(RxWiki News) If you're obese, your body may be under stress. Carrying all that extra weight can increase your risk of many health problems, including asthma. If you already have asthma, obesity can make it worse.
Overweight and obese people who lost weight significantly reduced their asthma symptoms and improved their asthma control, according to a recent study.
"Lose weight to help control your asthma."
"Obesity is a major health problem, and is associated with a high incidence of asthma and poor asthma control," wrote Charlotte Ulrik, associate professor at the University of Copenhagen, and colleagues.
"More recently, obesity has also been recognized as a potential risk factor for more severe asthma," they continued.
So, the researchers set out to see if weight loss could improve asthma.
"In general, all studies published so far show that weight loss in obese asthmatics improves asthma control," the authors said.
People who lost weight through surgery had especially significant improvements in their asthma. Weight loss surgery reduced asthma symptoms and use of asthma medications.
In one study, 48 percent of patients had complete asthma remission (no symptoms and no medication use) after weight loss surgery. In total, 90 percent of patients had improved asthma symptoms after surgery.
Another study found that the use of inhaled steroids decreased from 50 percent to 30 percent after weight loss surgery, suggesting that weight loss surgery lowers the drug requirements for controlling asthma symptoms.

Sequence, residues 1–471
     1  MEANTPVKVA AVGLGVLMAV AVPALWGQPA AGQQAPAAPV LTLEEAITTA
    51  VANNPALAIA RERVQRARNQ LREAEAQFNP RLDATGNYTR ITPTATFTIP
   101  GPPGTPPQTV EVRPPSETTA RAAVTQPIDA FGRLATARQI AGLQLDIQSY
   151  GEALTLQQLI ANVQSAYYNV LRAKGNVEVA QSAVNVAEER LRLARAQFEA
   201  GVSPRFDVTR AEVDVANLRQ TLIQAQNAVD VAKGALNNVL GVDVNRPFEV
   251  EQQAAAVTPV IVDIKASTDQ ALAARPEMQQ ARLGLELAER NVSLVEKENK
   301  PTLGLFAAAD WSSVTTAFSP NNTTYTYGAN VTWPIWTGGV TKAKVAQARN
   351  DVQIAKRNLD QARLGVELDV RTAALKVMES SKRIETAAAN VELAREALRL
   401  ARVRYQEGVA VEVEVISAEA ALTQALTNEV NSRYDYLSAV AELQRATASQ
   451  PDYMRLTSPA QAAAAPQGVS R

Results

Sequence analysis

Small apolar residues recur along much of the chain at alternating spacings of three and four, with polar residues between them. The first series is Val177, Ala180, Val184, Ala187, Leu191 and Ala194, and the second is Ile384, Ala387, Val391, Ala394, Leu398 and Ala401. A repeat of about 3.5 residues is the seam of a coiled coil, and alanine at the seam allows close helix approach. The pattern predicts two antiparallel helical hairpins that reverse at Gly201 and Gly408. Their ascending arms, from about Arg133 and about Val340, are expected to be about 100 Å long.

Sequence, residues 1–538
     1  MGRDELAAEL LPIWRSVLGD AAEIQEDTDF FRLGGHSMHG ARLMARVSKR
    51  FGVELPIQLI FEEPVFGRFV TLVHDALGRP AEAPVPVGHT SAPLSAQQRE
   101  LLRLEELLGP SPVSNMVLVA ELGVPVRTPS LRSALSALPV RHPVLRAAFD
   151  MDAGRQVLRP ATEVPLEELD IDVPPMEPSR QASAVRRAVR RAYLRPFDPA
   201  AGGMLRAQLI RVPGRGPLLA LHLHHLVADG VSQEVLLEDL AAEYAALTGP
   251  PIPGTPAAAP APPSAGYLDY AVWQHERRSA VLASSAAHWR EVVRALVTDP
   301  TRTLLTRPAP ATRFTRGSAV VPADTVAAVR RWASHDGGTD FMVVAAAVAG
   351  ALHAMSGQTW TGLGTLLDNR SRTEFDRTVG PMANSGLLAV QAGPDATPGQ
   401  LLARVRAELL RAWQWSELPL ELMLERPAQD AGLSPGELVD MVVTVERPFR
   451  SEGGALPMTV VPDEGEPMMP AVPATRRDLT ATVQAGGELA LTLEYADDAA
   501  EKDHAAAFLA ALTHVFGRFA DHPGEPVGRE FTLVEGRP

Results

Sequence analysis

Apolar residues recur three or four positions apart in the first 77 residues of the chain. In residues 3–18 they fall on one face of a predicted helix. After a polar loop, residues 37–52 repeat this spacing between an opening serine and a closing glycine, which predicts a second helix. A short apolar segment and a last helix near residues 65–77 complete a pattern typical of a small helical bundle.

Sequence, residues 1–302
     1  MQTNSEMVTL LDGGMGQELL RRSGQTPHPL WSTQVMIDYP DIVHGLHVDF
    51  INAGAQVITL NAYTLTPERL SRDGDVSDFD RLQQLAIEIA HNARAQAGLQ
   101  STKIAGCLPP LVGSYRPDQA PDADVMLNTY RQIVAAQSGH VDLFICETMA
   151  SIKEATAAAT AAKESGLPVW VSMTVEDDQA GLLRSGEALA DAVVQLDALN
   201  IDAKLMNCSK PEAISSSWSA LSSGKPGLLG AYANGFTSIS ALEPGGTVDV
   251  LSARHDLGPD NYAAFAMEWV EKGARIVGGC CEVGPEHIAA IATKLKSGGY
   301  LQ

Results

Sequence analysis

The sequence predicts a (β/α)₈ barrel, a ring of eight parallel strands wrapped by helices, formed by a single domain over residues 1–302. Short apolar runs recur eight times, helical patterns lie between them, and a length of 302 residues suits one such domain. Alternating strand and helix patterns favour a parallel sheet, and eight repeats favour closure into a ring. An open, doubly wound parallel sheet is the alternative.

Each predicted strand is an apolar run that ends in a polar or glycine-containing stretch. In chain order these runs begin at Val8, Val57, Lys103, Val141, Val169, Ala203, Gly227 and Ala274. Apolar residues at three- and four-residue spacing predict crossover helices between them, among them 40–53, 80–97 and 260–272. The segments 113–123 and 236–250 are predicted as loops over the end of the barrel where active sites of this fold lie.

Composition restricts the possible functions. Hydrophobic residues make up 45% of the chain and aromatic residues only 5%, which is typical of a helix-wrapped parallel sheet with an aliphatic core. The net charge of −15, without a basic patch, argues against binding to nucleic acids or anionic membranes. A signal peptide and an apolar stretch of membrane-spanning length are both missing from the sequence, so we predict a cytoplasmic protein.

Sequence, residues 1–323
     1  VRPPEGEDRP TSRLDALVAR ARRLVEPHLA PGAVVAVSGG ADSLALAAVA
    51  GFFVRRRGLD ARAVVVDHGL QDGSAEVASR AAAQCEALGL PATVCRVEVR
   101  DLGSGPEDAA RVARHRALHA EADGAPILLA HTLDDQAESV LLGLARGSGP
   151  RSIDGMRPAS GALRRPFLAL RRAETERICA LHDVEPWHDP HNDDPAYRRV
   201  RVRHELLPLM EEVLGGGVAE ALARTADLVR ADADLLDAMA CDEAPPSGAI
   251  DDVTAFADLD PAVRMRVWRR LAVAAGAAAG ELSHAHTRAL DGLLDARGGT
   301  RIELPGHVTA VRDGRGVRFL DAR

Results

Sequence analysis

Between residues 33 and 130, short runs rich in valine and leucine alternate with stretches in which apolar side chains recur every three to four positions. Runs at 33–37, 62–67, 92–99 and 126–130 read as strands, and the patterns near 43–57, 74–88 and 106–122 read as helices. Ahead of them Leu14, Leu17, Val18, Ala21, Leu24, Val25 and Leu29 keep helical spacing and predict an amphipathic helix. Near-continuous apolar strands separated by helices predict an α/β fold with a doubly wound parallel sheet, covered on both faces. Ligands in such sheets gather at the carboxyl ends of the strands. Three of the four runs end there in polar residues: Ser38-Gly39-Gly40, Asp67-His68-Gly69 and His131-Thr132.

A Swedish study showed a 49 percent decrease in respiratory drug prescription fills.
Other methods of weight loss also proved beneficial for asthma patients.
A study looking at the effects of an 8-week weight loss program showed that people who lost weight had improved forced vital capacity (total amount of air that can be expelled from lungs), reduced shortness of breath, reduced use of medication, and fewer exacerbations or fits.
"Studies have also shown that weight loss in obese asthmatics is associated with improvements in level of lung function and airway responsiveness to inhaled methacholine, whereas no significant improvements have been observed in exhaled nitric oxide or other markers of eosinophilic airway inflammation," the authors write.
In other words, these findings show that weight loss does not improve asthma-causing inflammation as much as it improves symptoms and lung function.
"It is therefore probable that weight loss-induced improvements in asthma control - defined as symptoms, level of lung function, and use of medication - occur due to a reduction in mass loading on the respiratory symptoms rather than improvements in asthma per se," they write.
More simply, losing weight takes stress off the lungs and airways.
The authors concluded that overweight and obese people with asthma experience a large reduction in symptoms and improvement in asthma control after weight loss. However, the findings show that the benefits of weight loss do not improve inflammation.
"Very interestingly, all papers identified for this study reported some positive effect of weight loss on asthma control," they wrote.
This systematic review of past studies was published June 7 in the Journal of Asthma and Allergy.